Jennifer Little BSc Hons MSc RNutr PgCert
Independent Equine Nutritionist

Saccharomyces cerevisia is a type of yeast that has been supplemented in horses diets for several decades. Typically it is supplemented to improve the digestibility of a horses diet by supporting the process of fibre fermentation in the hindgut [1,2,3]. However, subsequent research has demonstrated that S.cerevisia and its metabolites can also influence the immune system and its response to infection and inflammation [4].

Inflammation is an essential feature of the immune response, and a level of inflammation is required to prevent bacteria or viruses from causing disease. But, in situations where inflammation becomes systemic it results in the immune system being in a chronic state of activation, with the continual release of pro-inflammatory chemicals called cytokines. This can result in damage to tissues and organs, and in horses it is associated with potentially fatal conditions such as, colic, pleuropneumonia, laminitis and endotoxemia [5]. It also appears that horses are highly sensitive to a group of bacteria, known as Gram-negative bacteria, increasing their susceptibility to systemic inflammation and associated diseases [5].

Firstly, there are several measures we can employ day to day as owners to reduce our horses exposure to environmental bacteria, viruses and toxins.
These measures can include:

• Feed Hygiene: Ensuring feeds are stored in clean, water and rodent proof storage containers. Storing bagged feeds in the bag inside of these containers, rather than decanting the contents into larger bins. Disposing of feeds stored for an extended period of time. Disposing of any feed with a damp, softened, discoloured, dusty or mouldy appearance. Ensuring feed buckets, troughs, scoops, stirrers are all cleaned between uses.

Yard & Field management: Ensuring muck-heaps are well maintained and removed regularly, stables and fields are routinely cleared of wet bedding and faeces. Quarantine procedures for new horses are observed. Injury risk hazards are managed and minimised. Stables and field shelters are kept clear of dust build-up and good ventilation is established.

Supporting overall health: Ensuring appropriate diets are provided for ideal body condition, work load and breeding status. General good husbandry, including but not limited to, worm control management, dental work, environmental enrichment and boredom and stress alleviation measures.

Secondly we can support the immune systems ability to respond when exposed to these environmental pathogens.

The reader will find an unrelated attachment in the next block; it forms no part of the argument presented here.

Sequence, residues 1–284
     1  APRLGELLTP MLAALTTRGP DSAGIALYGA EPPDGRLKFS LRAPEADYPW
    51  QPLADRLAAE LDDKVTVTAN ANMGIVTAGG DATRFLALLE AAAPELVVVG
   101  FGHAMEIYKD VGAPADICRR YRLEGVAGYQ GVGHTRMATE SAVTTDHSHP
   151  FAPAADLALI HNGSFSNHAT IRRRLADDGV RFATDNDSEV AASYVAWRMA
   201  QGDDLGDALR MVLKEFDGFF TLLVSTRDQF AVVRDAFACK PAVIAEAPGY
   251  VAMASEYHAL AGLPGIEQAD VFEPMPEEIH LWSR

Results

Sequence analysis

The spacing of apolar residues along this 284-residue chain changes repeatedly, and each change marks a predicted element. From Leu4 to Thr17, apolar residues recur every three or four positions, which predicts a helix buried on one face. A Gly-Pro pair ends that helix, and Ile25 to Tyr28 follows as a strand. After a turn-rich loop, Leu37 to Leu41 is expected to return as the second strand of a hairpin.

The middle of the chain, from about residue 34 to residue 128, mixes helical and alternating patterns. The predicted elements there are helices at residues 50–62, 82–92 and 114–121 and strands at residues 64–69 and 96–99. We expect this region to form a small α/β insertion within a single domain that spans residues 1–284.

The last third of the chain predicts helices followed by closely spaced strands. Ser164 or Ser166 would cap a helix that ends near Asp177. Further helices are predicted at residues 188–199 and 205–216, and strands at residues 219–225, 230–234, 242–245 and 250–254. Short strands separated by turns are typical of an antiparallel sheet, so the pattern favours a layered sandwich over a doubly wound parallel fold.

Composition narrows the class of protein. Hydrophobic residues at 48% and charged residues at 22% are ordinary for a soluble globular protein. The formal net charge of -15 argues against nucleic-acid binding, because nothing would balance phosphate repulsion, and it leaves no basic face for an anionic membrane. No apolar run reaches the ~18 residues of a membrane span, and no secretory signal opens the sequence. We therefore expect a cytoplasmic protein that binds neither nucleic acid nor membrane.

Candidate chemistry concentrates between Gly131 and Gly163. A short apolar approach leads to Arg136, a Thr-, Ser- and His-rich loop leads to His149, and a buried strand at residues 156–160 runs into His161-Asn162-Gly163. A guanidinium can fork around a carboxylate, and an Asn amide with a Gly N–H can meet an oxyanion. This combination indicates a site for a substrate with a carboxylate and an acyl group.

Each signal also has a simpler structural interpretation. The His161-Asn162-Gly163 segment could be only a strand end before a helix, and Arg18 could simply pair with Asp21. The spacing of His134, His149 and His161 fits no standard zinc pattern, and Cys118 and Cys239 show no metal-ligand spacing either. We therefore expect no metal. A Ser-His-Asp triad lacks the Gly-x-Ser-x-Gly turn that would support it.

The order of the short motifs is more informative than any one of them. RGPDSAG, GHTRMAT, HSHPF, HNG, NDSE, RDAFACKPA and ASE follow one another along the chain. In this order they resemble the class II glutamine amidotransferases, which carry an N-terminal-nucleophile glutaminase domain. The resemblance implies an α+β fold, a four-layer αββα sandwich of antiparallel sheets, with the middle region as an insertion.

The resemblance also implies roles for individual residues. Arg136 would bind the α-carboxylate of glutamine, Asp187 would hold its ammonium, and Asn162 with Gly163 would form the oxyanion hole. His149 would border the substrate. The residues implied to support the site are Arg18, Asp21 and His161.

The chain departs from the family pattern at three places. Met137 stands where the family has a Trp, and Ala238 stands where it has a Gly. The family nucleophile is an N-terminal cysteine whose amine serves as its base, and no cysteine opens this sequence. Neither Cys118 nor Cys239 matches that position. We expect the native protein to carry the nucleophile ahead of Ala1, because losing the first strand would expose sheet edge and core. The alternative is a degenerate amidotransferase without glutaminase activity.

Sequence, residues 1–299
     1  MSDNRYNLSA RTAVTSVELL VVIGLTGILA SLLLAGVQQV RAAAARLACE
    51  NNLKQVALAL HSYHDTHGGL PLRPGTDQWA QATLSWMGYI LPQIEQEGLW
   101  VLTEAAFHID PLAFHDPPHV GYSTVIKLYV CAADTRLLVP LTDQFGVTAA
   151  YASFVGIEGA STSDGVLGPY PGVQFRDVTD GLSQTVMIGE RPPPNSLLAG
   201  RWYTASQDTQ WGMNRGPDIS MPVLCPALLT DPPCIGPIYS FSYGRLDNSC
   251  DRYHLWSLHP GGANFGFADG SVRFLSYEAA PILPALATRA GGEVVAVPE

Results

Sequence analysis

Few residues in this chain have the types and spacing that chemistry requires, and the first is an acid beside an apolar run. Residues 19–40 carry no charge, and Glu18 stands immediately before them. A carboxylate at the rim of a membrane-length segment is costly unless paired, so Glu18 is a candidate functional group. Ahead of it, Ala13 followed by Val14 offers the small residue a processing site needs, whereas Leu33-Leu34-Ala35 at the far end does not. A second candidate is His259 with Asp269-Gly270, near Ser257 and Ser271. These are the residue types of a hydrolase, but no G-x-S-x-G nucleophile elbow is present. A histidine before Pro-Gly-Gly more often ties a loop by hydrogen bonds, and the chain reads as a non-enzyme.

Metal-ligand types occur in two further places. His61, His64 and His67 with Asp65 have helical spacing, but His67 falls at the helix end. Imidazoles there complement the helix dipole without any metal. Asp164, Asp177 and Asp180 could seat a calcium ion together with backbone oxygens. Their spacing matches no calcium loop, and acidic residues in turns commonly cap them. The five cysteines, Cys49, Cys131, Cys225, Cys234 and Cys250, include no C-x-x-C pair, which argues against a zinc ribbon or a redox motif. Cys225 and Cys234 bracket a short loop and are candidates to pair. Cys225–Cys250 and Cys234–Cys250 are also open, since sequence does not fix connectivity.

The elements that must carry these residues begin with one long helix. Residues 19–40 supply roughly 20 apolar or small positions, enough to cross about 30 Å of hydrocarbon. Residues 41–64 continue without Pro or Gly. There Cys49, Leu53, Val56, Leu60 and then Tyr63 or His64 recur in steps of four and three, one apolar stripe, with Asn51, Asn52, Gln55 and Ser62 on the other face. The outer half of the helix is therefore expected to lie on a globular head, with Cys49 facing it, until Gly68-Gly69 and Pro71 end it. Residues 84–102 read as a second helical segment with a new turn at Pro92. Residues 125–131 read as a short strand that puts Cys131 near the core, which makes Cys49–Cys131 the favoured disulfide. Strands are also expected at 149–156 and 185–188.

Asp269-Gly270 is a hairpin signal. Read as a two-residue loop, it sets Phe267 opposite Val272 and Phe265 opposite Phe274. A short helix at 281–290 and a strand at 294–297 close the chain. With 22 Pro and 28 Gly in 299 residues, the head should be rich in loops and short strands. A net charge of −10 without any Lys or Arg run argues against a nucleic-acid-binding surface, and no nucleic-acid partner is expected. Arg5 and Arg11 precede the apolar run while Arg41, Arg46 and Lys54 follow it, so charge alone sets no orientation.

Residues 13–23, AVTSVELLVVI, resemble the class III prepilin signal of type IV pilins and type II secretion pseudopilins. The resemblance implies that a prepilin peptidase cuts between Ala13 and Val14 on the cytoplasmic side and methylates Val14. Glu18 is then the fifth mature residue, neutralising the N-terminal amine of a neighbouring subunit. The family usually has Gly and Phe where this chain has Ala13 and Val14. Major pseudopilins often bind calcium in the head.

These measures can include:

• Ensuring vaccination procedures are adhered to
• Ensuring a fully balanced diet providing sufficient fibre, protein, fats, carbohydrates, vitamins, minerals and essential amino acids for each individuals horses needs.
• Ensuring ideal body condition and weight is maintained.
• Minimising stressful situations
• Ensuring workload and management is appropriate for the individual horse.
• Ensuring all veterinary prescribed medications are administered as recommended.
• Supplementation of the diet with S.cerevisia

In addition there is now new evidence that the daily supplementation of S.cerevisia in horses could offer a level of protection against inflammation becoming chronic or systemic after exposure [5].


[1] Elghandour, M.M., Chagoyan, J.C.V., Salem, A.Z., Kholif,A.E., Castaneda, J.S.M., Camacho, L.M., Buendia, G., 2014 Invitro fermentative capacity of equine faecal inocula of 9 fibrous forages in the presence of different doses of Saccharomyces cerevisiae. J. Equine Vet Sci 34, 619-625
[2] Elghandour, M.M., Mellado, M., Kholif, A.E., Salem, A.Z., Barbabosa, A., Ballinas, S., Esquivel, A., Odongo, N.E., 2016 Faecal gas production of ten common horse feeds supplemented with Saccharomyces cerevisiae. J. Equine Vet Sci 47, 1-8
[3] Elghandour, M.M., Kholif, A.E., Lopez, S., Mendoza, G.D., Odongo, N.E., Salem, A. Z., 2016 In vitro gas, methane and carbondioxide productions of high fibrous diet incubated with faecal inocula from horses in response to the supplementation with different live least additives. J. Equine Vet Sci 38, 64-71
[4] Russell, S.L., Gold, M.J., Willing, B.P., Thorson, L., McNagny, K.M., Finlay, B.B., Perinatal antibiotic treatments affects microbiota, immune responses and allergic asthma. Gut Microbes 4, 158-164
[5] Lacerenza, M.D., Arantes, J.a., Reginato, G.M. et al 2024. Effects of β-glucan supplementatin on LPS-Induced Endotoxemia in horses. Animals 914) 474

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